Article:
US equities were stronger on Friday as the S&P 500 found a fresh record high ahead of a busy data week. The Non-Farm Payroll data – the granddaddy of them all — is set to provide keen direction for risk markets as we enter Q2.

After springing a few leaks due to global Covid-19 concerns, with new variants causing more than a few consternation for policymakers, risk sentiment bounced after US President Biden doubled his goal for the US vaccine roll-out pace played its part in stabilizing the ship.

Investors swung back to the policy agenda, with President Biden expected to formally unveil a $3 trillion infrastructure plan this week. This comes just as the acceleration in activity from recently delivered stimulus checks are already showing up in the alt-data with should provide a solid base for Spring lift off.

With a noticeable growth pick in March, “the street” is likely positioning and expecting an upbeat cadence for the economic news over the coming weeks. Given there is so much optimism in the economic reopening narrative baked into the price, so it’s hugely important this week’s financial data, at minimum, meets expectations to maintain this ship on an even keel.

But this could be a double-edged sword for pockets of the market as the combination of stimulus and robust data support equity prices.

However, tech faces some challenges if the “risk-on” signal manifests into higher real yields.

The strength of the recovery and the partaking inflation risk remains at the vanguard of investors minds after the final read on Michigan sentiment for March was revised up, leaving the index 1.9 points higher than February.

Most notable in the details: a tick up in long-run inflation expectations. 5-10yr expectations rose from 2.7% to 2.8% – the highest level since July 2018 and only slightly below the 2.9% average that prevailed before the 2014 oil shock.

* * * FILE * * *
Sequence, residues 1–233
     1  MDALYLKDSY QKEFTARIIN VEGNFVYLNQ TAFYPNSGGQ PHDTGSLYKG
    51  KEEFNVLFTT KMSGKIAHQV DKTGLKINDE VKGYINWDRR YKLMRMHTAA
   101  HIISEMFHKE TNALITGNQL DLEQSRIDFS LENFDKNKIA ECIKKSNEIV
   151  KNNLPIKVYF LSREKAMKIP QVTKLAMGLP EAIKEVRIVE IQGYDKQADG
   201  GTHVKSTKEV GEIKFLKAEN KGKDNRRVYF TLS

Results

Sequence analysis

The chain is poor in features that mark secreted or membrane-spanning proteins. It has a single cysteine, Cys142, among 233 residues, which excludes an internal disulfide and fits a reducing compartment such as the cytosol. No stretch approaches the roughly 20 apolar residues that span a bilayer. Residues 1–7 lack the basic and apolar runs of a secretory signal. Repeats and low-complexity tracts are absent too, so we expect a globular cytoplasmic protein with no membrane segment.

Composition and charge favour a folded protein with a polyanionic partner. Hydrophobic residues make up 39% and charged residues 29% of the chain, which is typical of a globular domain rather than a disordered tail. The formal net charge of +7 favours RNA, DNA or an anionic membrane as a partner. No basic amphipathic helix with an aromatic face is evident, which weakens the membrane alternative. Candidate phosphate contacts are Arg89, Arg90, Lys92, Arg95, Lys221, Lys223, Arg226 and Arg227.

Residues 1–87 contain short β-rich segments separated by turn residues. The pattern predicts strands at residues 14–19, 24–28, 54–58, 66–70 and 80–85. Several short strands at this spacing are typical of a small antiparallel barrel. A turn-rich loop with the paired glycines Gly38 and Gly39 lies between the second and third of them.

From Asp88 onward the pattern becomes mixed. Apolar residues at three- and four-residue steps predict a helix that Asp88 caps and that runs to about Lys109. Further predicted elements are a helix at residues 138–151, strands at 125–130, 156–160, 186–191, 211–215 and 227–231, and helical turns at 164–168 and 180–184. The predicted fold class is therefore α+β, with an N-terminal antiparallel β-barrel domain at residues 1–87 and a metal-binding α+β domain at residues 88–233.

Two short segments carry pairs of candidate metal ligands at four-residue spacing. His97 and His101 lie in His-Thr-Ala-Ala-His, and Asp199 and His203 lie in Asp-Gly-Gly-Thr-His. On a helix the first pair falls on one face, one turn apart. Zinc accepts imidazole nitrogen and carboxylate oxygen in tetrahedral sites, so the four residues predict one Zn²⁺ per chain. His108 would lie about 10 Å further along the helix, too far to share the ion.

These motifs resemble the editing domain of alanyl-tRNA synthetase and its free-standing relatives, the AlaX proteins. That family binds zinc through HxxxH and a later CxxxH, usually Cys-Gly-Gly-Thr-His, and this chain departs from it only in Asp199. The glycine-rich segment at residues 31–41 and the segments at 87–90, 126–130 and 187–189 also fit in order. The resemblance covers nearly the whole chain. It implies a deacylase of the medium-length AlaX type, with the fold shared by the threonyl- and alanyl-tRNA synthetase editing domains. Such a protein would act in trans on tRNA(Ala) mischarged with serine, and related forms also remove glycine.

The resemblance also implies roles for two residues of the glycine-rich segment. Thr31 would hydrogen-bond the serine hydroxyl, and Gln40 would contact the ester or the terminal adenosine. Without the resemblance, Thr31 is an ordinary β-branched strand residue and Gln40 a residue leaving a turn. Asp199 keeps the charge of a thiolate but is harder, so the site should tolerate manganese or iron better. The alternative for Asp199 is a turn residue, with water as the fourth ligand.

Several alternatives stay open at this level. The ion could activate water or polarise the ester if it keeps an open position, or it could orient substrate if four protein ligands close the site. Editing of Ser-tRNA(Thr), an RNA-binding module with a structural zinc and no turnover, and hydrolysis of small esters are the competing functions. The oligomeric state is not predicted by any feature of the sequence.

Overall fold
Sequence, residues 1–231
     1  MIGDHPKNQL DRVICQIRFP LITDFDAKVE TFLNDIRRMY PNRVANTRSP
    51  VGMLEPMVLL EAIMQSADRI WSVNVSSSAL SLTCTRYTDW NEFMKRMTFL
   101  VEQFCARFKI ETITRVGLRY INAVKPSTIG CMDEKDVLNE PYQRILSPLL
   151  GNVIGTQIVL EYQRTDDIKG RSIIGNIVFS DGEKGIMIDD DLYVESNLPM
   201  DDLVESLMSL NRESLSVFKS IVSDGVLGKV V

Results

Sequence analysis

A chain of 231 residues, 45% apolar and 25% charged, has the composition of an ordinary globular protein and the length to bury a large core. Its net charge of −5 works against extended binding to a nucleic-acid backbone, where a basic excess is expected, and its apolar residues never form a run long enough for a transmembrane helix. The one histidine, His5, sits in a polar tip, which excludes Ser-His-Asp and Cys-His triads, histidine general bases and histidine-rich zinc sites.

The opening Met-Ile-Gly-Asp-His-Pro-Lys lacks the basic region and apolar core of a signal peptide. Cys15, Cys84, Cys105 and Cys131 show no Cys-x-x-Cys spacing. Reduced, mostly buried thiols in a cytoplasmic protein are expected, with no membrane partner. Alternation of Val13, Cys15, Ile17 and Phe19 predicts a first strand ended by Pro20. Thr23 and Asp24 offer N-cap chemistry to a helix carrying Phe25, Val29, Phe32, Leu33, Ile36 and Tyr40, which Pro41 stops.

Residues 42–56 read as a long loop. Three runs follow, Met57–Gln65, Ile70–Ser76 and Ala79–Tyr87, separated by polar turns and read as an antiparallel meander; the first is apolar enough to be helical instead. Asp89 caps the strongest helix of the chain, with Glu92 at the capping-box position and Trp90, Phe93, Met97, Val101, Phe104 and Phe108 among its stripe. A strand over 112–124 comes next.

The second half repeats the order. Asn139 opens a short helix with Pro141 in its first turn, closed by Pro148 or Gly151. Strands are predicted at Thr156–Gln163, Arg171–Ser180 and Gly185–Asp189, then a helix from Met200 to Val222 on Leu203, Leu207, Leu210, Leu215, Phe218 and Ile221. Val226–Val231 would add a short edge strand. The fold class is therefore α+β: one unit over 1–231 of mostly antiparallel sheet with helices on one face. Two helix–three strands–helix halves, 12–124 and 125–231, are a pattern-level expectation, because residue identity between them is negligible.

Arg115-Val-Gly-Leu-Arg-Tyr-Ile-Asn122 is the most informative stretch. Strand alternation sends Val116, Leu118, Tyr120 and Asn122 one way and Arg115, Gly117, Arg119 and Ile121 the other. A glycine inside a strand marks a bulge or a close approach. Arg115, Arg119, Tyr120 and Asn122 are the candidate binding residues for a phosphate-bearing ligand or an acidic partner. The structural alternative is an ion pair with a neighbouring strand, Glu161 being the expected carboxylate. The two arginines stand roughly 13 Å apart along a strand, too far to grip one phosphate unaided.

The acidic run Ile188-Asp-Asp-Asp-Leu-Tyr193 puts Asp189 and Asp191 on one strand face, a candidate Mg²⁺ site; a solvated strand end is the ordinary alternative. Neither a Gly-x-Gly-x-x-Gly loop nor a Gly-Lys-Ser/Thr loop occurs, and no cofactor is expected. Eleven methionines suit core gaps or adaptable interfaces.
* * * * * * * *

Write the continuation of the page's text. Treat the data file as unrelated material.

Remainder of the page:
And for medium-term concerns, investors know spending the money is the easy part. However, the more difficult decision is how to pay for it. And with all roads appearing to lead to US tax hikes, Wall Street won’t be enamoured with that.

Oil remains under pressure

Crude oil has slumped, to some extent driven by profit-taking after a year-long rally.

Inflation remains a threat and positioning is much cleaner.

OPEC+ seems more likely to maintain production cuts, and Suez Canal blockage creates supply problems.

With a lot of economic, vaccine, and US herd immunity love priced into the oil markets, Covid-19 resurgence continues to hang like an anvil around the market’s neck and keeps prices in check.

But the inflation theme has not gone away. Positioning is probably much cleaner after such a volatile week. OPEC+, having maintained production cuts at higher prices last month, seems less likely to open the taps at current levels

After oil sentiment sprung a leak early last week, prices recovered as markets continued to digest the blocked Suez canal’s challenges and ramifications.

Similarly, this morning, that beat goes on as canal workers struggle to refloat the vessel due to numerous logistical issues, non more so than the fact they have never undertaken a task of this horror.

Each day that passes increases the oil on water rather than in the refinery for processing as voyage times increase for those queueing for the canal or voyage distance and time increases as vessels re-route around Africa. Either way, it should help to re-tighten the physical market and stabilize prices

While there has been plenty of noise – Iran, China buying, European lockdowns, dollar, Suez Canal – none of it tallies with the big moves we have been seeing, which imply to be nothing more sinister than the extensive rise at the beginning of March, which was primarily forward-looking, got too far ahead of the demand reality in the immediate aftermath of the last OPEC+ meeting.

Given the evident fragility in prices, this week’s meeting seems likely to be quite cautious on the production front.

Market analysis from Stephen Innes, Chief Global Market Strategist at Axi